Step 3 – Leave the conditioner on your hair for a few minutes. Some conditioners are leave-in conditioners which means they shouldn’t be rinsed off.
Step 4 – Use warm water when rinsing out your conditioner.
Step 5 – Once you’ve washed out the condition, use cold water to rinse the hair and to add some extra shine.
Step 6 – Never squeeze the hair too hard when drying it. Blot it gently with a towel.
Try to air-dry your hair instead of blow-drying it.
Harmful ingredients to look out for in hair conditioners:
- Sulfates : their job is to make products foamy and they work as emulsifiers – they keep oil and water from separating in conditioner. SLS and SLES are known skin and eye irritants. SLS is not a cancer-causing ingredient, but the ethoxylation process used to make SLES causes the ingredient to release 1,4-Dioxane, a carcinogenic contaminant. Sulfates are also penetration enhancers that change the epidermis. This means other chemicals in the product can more easily penetrate the skin’s surface, making their way into our organs and bloodstream
- Ehtanolamines: MEA, DEA, and TEA are used in hair care as emulsifiers and foaming agents, but have been associated with cancer in animal studies. They also pose accumulation risks and form carcinogenic compounds when mixed with other cosmetic ingredients. They mainly cause skin inflammation and irritation
- Synthetic preservatives: Most hair conditioners contain some sort of synthetic preservative. Parabens have been shown to mimic estrogen in the body and accumulate in breast tissue. They are also shown to have the potential to cause fetal impairment and fertility issues. Methylisothiazolinone is even linked to allergic reactions and may also be a neurotoxin. If a product claims to be “paraben-free” do not assume it contains no synthetic preservatives
- Dimethicone: This one is commonly found in conventional hair conditioners, and it does make hair silky and shiny. Until the product is washed out and you are left with more dryness and damage to your silicone-dependent hair. Silicones coat strands and prevent the hair from drawing in moisture. It also traps sebum on the scalp, resulting in irritation, flaking, or itchy scalp
- Synthetic fragrance: These ingredients are linked to irritation, headache, dizziness, eye irritation, allergic reaction, and hormonal disruption. Watch out for these ingredients in products: benzylbutyl phthalate (BzBP), di-n-butyl phthalate or dibutyl phthalate (DBP), diethyl phthalate (DEP), and sometimes “fragrance”. It is important to note that the terms “fragrance” or “parfum” sometimes occur on an ingredient listing which contains natural fragrance ingredients and no chemical ingredients, so you must watch out for this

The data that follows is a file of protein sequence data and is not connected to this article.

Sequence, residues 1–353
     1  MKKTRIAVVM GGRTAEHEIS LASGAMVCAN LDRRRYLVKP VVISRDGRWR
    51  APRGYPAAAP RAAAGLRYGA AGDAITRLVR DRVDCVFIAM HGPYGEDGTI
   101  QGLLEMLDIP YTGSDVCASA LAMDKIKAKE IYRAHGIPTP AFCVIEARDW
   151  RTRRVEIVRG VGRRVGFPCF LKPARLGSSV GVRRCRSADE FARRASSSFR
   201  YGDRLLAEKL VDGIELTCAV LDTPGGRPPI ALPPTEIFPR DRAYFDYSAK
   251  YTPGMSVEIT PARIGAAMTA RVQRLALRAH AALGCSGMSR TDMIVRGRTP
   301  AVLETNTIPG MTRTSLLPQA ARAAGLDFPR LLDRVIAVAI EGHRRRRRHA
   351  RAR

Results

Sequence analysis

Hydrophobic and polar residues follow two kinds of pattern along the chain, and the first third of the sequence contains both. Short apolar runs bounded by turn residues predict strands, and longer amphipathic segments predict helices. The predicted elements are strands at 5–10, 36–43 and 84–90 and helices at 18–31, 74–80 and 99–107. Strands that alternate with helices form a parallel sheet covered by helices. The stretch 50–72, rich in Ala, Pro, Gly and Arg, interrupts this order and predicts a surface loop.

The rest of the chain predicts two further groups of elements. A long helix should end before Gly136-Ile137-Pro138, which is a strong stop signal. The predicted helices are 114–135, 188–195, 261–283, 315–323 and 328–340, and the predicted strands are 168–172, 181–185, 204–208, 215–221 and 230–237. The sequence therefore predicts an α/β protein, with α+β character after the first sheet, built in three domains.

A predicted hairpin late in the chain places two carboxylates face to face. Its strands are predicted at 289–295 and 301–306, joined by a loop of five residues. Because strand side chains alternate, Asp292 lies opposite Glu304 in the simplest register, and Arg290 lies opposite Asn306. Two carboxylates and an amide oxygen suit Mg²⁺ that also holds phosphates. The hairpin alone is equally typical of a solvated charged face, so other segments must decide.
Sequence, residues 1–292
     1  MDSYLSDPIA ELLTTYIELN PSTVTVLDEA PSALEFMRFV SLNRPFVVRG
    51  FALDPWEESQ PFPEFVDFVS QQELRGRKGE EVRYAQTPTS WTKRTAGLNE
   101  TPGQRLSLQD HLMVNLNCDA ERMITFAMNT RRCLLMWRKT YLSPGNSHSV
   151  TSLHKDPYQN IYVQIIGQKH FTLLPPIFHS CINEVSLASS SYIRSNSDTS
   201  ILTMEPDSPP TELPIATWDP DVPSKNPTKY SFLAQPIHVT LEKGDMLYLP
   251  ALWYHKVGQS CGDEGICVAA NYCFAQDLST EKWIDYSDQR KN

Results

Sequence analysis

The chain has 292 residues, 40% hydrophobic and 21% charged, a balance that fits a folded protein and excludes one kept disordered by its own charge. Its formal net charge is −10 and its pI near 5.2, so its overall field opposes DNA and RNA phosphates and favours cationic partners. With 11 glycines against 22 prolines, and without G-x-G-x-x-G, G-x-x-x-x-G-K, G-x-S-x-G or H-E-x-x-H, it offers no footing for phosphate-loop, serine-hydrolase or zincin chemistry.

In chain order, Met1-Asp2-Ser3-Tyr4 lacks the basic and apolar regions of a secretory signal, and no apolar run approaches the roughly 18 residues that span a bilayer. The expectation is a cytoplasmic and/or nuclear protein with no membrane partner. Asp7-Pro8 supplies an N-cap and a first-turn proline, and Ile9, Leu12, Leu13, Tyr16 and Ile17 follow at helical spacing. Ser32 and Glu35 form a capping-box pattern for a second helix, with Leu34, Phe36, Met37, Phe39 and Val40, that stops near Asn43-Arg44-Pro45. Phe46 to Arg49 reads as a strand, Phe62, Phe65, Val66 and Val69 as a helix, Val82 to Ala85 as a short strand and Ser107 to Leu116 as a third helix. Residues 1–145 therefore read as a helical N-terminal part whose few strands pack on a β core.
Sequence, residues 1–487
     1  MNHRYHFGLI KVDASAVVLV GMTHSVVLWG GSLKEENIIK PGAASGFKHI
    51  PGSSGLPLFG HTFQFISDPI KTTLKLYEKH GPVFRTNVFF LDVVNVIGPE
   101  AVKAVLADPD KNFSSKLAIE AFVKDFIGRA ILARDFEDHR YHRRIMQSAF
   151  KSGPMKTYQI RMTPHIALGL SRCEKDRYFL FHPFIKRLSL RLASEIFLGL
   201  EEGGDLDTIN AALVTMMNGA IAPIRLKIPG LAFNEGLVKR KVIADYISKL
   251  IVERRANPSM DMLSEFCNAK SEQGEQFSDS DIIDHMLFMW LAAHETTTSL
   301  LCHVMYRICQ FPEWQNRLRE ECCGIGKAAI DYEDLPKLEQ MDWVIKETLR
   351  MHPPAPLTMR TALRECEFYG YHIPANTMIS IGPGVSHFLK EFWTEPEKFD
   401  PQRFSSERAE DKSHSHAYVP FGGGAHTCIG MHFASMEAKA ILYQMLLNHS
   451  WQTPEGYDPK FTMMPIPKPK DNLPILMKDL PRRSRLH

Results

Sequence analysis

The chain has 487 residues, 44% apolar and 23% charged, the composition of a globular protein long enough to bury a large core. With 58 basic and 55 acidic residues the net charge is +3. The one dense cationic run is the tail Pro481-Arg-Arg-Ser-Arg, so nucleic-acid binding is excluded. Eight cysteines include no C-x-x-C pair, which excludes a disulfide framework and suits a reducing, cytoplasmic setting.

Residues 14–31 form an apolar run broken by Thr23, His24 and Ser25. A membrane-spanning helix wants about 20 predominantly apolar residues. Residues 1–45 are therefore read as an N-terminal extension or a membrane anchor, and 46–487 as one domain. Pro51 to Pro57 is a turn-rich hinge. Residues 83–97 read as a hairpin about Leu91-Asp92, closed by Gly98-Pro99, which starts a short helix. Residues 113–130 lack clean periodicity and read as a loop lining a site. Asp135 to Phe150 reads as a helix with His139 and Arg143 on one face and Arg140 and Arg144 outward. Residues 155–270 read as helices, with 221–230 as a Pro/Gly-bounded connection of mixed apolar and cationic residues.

When looking for a conditioner to buy, aim for ingredients like argan oil, aloe, green tea, coconut oil, rosemary oil, tea tree oil, etc.
Josh Rosebrook Balance Conditioner
This is a light, volumizing conditioner formulated for all hair textures, especially for those will a normal to oily scalp. Pure plant oils and active herbal infusions effectively soften and increase volume. Aloe vera and rich fatty acids seal in moisture, smooth, add shine and protect the hair shaft, scalp and follicle.
Nurture My Body Nourishing Conditioner
A sulfate-free, gentle conditioner that works amazingly on all hair types including dry, color-treated and damaged hair. It contains 16 certified organic botanicals and essential oils that help maintain a healthy scalp. It’s great for curly hair since it controls frizz and detangles hair that is hard to manage. It also provides antioxidant benefits and protects hair while adding softness and shine. Let’s not forget that it’s fragrance-free and contains only vitamins and organic ingredients.
St. Tropica USDA Certified Organic Coconut Oil Conditioner
This truly potent USDA certified organic deep conditioning treatment works amazingly for curly and ultra-dry hair. To use, you simply heat the packet up to temperature and then apply the formula to your hair. Leave on for at least 20 minutes (overnight works best) and rinse. Made with coconut oil, biotin, horsetail, hibiscus, green tea, and coconut butter.
100% Pure – Yuzu & Pomelo Glossing Organic Conditioner
A nice lightweight conditioner suited for all hair types. It adds just the right amount of shine and hydration without weighing hair down or making it oily (perfect for curly hair types). Works great as a detangler and leaves hair feeling silky, smooth, and easy to run your fingers through. Best of all, it is made without any sulfates, synthetic fragrances, or harsh detergents. Features organic aloe juice, yuzu fruit, coconut oil, and avocado.
Organic conditioners are the best option for maintaining smooth, soft and shiny hair. Test them out and see how amazing they are. You’ll never go back to your old conditioners filled with toxins and harmful ingredients.